biuro tłumaczeń skrivanek

Austria – language

austria language
austria language

Austria is a motherland of many talented individuals who have achieved international fame. Wolfgang Amadeus Mozart, Ludwig Van Beethoven, Gustav Klimt, and Sigmund Freud are just a few outstanding examples of Austrian brilliance.

Austria is often associated with the German language, and indeed, German is the country’s official language. However, it does not resemble the dialect spoken in Berlin at all. The average German would likely struggle to understand an Austrian speaking in his local language dialect.


Hochdeutsch, or High German, is a term used to refer to a standardized form of the German language. It is considered the most important variant of German today, and forms the basis for most written communication within German-speaking countries.

Hochdeutsch serves as the language of instruction in Austrian Schools. The vast majority of Austrians are proficient in the standard language version and their local dialect. Speaking with Germans or foreigners, they tend to choose it over the vernacular for mutual understanding.

The standardisation of the German language began in the 15th century and accelerated with the introduction of the printing press. Martin Luther’s work, particularly the Bible translation from 1522, played a significant role in standardising the language. Another milestone was the publication of Johann Christoph Gottsched’s German grammar textbook in 1748.

Austrian German (Österreichisches Deutsch)

Austrian German is a wide term encompassing various regional accents that not only differ from the standard language but also from one another. Some of them are easier to understand for German speakers, while others pose a real challenge for native Berliners. Each accent features its unique vocabulary and expressions.

History of Austrian German

The standardisation of German in Austria began in the 18th century, due to the introduction of compulsory education. The dialect was strongly influenced by the Bavarian and Alemannic languages, which gave a unique character to Austrian speech. Given the historical and geographical context, it is easy to detect the influence of Czech and Hungarian on the local dialect.

Austrian vocabulary

Most Austrians are fluent in standard German and use it in formal contexts. However, in everyday life, they often choose their own way of speaking. Here are some example words from the Austrian dialect (AT):

Paradeiser (AT) / Tomate (DE) – tomato

Erdäpfel (AT) / Kartoffel (DE) – potato

Fisolen (AT) / grüne Bohnen (DE) – green bean

Marillen (AT) / Aprikosen (DE) – apricot

Palatschinken (AT) / Pfannkuchen (DE) – pancakes

Jänner (AT) / Januar (DE) – January

Sackerl (AT) / Tüte (DE) – plastic bag

Bankomat (AT) / Geldautomat (DE) – ATM

Stiege (AT) / Treppe (DE) – staircase

Servus (AT) / Hallo (DE) – hello

Fetzen (AT) / Kleidung (DE) – clothing

Gatschhupfer (AT) / Moped (DE) – scooter

Grüß Gott (AT) / Guten Morgen – Good morning

austria language
austria language
austria language

Austrian pronunciation

The Austrian dialect can be recognized by a few differences in phonetics, such as prolonged vowel sounds that are not typical in standard German. Additionally, the accent has been known to be far more lyrical than other varieties, making it pleasant to listen to. The word stress may fall on other syllables than in Hochdeutsch.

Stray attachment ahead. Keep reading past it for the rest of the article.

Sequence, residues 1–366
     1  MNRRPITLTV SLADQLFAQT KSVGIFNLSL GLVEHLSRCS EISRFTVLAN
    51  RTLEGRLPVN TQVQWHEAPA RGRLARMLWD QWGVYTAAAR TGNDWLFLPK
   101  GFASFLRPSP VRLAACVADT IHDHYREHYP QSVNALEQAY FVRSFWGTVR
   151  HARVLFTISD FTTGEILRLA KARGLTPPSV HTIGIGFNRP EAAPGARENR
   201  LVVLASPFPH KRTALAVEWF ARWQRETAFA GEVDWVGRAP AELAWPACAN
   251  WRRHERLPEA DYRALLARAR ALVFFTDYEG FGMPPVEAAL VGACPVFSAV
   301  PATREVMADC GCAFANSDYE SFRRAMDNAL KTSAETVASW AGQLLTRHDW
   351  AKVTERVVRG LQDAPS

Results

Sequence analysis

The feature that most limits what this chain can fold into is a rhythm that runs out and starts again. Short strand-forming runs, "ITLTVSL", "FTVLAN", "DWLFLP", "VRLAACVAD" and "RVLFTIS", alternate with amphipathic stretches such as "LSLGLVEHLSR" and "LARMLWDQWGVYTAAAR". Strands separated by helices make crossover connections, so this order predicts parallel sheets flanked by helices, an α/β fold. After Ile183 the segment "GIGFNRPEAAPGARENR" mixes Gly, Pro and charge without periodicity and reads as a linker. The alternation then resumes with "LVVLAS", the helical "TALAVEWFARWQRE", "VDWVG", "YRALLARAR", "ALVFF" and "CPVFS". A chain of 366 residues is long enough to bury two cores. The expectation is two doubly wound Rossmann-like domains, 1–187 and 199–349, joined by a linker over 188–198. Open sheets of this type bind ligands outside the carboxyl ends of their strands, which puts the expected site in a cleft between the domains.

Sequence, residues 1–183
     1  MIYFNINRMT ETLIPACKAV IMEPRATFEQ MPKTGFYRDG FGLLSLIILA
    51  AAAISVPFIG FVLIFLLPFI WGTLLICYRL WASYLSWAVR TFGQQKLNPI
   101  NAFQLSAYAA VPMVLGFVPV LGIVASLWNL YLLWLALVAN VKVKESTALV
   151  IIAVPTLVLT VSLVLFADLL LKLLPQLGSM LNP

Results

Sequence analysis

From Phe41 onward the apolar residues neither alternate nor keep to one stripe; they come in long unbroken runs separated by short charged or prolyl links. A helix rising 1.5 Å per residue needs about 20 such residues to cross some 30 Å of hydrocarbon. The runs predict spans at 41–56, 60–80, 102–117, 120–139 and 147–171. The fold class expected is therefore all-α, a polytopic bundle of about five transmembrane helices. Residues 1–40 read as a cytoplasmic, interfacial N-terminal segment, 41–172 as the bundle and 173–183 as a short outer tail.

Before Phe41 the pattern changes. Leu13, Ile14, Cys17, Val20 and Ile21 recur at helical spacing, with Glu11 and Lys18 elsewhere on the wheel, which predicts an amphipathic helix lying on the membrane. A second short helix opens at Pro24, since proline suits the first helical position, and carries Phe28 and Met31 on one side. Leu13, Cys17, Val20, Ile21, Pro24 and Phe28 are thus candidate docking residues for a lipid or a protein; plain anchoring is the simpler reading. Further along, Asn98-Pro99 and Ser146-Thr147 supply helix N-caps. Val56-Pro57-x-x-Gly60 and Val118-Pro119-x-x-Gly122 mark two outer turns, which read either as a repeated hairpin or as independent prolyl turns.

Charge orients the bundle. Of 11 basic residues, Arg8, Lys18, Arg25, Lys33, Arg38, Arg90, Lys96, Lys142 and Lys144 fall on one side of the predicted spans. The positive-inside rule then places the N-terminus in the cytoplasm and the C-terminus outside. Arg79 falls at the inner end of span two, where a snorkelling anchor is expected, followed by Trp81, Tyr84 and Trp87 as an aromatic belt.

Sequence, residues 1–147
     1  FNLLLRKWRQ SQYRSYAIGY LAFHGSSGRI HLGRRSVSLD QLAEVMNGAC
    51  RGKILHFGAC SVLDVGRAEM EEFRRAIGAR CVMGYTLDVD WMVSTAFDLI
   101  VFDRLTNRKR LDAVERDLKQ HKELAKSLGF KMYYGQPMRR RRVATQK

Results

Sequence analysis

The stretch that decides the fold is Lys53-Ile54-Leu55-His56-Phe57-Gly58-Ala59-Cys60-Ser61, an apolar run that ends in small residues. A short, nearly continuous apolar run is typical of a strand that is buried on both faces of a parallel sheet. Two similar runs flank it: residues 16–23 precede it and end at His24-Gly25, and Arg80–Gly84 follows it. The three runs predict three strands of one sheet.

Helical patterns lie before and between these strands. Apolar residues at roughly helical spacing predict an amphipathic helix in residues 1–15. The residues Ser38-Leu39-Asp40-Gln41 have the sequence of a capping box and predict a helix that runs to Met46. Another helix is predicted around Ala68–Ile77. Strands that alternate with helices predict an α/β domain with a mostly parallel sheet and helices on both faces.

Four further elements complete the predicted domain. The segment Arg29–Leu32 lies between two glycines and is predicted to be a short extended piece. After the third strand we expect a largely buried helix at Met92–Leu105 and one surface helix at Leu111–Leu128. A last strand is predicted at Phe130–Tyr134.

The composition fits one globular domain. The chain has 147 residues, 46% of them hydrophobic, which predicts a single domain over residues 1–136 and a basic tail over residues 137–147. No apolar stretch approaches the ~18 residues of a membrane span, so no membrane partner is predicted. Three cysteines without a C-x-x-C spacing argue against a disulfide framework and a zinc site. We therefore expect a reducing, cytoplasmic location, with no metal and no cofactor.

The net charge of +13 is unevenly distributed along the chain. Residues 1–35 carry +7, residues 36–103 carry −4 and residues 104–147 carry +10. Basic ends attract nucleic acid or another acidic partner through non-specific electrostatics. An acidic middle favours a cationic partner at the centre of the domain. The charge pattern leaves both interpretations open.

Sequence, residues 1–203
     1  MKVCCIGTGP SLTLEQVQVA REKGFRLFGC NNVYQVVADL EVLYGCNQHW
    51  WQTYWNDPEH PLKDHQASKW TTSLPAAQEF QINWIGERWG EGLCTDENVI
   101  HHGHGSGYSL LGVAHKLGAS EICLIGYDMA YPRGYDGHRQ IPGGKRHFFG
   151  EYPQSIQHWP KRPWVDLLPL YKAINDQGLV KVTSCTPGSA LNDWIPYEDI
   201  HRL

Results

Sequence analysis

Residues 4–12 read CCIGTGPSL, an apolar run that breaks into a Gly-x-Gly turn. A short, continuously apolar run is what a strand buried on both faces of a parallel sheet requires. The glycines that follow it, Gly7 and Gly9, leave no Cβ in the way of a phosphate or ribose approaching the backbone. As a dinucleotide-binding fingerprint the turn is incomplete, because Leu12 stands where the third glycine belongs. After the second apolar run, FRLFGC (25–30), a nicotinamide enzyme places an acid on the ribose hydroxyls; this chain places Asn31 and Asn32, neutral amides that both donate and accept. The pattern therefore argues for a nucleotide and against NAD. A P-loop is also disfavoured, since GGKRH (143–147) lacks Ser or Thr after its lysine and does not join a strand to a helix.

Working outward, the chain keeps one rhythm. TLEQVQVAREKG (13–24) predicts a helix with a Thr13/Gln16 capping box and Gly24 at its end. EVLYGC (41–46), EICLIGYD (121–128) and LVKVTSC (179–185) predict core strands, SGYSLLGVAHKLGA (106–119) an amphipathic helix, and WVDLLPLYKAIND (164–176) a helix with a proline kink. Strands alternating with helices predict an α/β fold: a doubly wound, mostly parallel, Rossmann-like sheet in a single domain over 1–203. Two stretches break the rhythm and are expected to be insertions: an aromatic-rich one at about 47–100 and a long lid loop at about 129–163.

Austrian grammar

There are minor grammatical differences between the Austrian dialect and standard German, which should not affect the overall understanding of a text or conversation. Austrians use the past tense form of sein as an auxiliary verb for some motion verbs, whereas standard German employs haben. For instance, the expression “I slept” in Austrian would be Ich bin geschlafen instead of the usual Ich habe geschlafen.

In Austria, diminutives are more common than in Germany. They are formed slightly differently, by adding the suffix -erl or -l instead of -chen or -lein. Further differences touch the prepositions. For example, German pupils learn an der Schule, but Austrian students spend their time in der Schule.

Austrian politeness

The Austrian dialect is considered more polite than standard German. Austrians apologise, express gratitude, and explain their behaviour frequently. An old joke in the region says that a German never apologises using more than 3 words (Tut mir leid, for instance), while an Austrian struggles to limit himself to just 3 sentences.

Austrian idioms

Let’s have a look at the most interesting Austrian idioms.

Aufgewärmt ist nur ein Gulasch gut – “Reheated food only tastes good when it is goulash”. This proverb gives a bit of advice about relations. It reminds us that going back to ex-partners or renewing old friendships is not always the best idea.

Bist du deppert – This sentence, when terminated with a question mark, offends many (if not all) Germans, as it means “Are you stupid?”. In Austria, it is used preferably with an exclamation mark to show surprise and delight.

Oida – The word literally means “old man”. It is often used by Austrian youngsters to address their pals.

Austrian dialects

The regional dialects reflect the cultural and historical diversity of the country. They vary in terms of lexical and phonological features, sharing numerous traits with variations used in southern Germany and Switzerland. Alemannic dialects are mainly heard in the mountainous regions of Vorarlberg and Tyrol, while Bavarian dialects are present throughout the country.

Alemannic dialect

The name of the dialect derives from a confederation of Germanic tribes, the Alemanni. Some linguists classify it as a separate language. However, the fact that it is primarily spoken and substituted in writing by Hochdeutsch argues against this claim. The Alemannic dialect is used by inhabitants of German-speaking Switzerland, Swabia, the mountainous areas of Austria, Liechtenstein, and a few townlets in Italy and Venezuela.